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Sage

£5.50£44.00

Sage

£5.50£44.00

Common name: Sage

Family: Lamiaceae

Habitat/Cultivation: Native to the Mediterranean, and is cultivated all around the world. A popular garden herb. It thrives in sunny conditions and is grown from seed in spring. The leaves are picked in the summer.

Parts used: Leaves small stems and flowers

Traditional use: Why should a man die while sage grows in the garden. An excellent remedy for sore throats, poor digestion as a hormonal stimulant valuable for irregular or scanty periods. Known to be very useful for the menopause not only helping hot flushes but also helping the body adapt to hormonal changes involved. Traditionally used as a treatment for asthma.

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Description

Common name: Sage (Salvia Officinalis)

Family: Lamiaceae

Habitat/Cultivation: Native to the Mediterranean, and is cultivated all around the world. A popular garden herb. It thrives in sunny conditions and is grown from seed in spring. The leaves are picked in the summer.

Parts used: Leaves small stems and flowers

Traditional use: Why should a man die while sage grows in the garden. An excellent remedy for sore throats, poor digestion as a hormonal stimulant valuable for irregular or scanty periods. Known to be very useful for the menopause not only helping hot flushes but also helping the body adapt to hormonal changes involved. Traditionally used as a treatment for asthma.

Constituents: volatile oils (including thujone, cineole, borneol, linalool, camphor, pinene), oestrogenic substances, salvin and carnosic acid, flavonoids, phenolic acids, rosmarinic acid, tannin

Actions: Astringent, Antiseptic, Aromatic, Carminative, Oestrogenic, Reduces sweat, Tonic.

Medicinal use: Ideal for almost all types of sore throat, useful for mild diarrhoea, a nervine tonic used by Chinese to calm and stimulate the nervous system. Encourages better menstrual flow  and oestrogenic effects as a menopause remedy.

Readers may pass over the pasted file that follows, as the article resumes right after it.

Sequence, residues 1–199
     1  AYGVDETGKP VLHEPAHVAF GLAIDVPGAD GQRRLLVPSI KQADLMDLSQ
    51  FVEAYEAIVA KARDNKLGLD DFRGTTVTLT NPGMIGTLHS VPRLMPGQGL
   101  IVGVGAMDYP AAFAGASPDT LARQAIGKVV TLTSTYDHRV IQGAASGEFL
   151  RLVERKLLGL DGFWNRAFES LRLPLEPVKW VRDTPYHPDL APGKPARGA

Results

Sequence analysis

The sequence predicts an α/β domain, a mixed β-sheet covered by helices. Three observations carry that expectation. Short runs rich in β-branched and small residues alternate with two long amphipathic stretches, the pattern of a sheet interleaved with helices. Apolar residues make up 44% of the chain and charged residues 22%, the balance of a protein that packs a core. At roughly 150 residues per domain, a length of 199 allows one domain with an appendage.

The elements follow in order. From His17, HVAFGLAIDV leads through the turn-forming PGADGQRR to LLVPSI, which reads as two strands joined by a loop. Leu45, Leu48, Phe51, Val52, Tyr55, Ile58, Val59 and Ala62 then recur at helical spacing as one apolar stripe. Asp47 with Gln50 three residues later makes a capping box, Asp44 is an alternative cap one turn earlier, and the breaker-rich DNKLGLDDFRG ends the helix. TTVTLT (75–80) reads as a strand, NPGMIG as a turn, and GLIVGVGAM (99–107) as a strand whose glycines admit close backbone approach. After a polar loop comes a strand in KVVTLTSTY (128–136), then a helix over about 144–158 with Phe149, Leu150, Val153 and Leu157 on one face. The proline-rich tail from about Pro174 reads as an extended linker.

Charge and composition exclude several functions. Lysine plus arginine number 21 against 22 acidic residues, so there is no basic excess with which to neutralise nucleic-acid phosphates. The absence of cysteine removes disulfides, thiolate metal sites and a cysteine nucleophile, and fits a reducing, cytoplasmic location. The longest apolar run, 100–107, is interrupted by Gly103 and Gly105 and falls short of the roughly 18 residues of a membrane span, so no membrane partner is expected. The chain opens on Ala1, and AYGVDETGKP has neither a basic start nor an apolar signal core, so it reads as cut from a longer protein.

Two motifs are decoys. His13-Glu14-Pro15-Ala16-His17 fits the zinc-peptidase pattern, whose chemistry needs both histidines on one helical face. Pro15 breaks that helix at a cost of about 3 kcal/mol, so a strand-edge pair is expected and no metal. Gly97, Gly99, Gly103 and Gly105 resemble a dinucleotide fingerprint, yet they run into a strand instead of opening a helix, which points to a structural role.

Cautions: Not to be taken if pregnant or an epileptic.

Research: Research has shown that Thujone contained in the volatile oil is strongly antiseptic and carminative. Known to reduce breast- milk production due to its oestrogenic action partly responsible for its hormonal effect.

Dosage & forms: Infusion use as a gargle for sore throats three times daily, fresh sage leaves used for stings and bites, tincture taken as drops.

Folk-lore: Salvia, is from the Latin salvare, to save, or to be well. Sage was a sacred ceremonial herb of the Romans and was associated with immortality, and was also said to increase mental capacity. The Greek Theophrastus classified sage as a “coronary herb”, because it flushed disease from the body, easing any undue strain on the heart. In the middle ages, people drank sage tea to treat colds, fevers, liver trouble, epilepsy, memory loss and many other common ailments. Sage was held to be a major medical herb by the French, because of it’s anti-bacterial properties. Early Greeks drank, applied or bathed in sage tea. Turkish women used sage as a natural hair dye for grey hair. There is an old Arab belief that if your sage grows well you will like a long time. During the fourteenth century, three leaves a day were to be eaten to avoid the ‘evil aire’. Sage was also a favourite of the Hungarian gypsies, they believed that it attracted good and dispelled evil.

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Weight N/A
Volume

100ml, 250ml, 25ml, 500ml, 50ml

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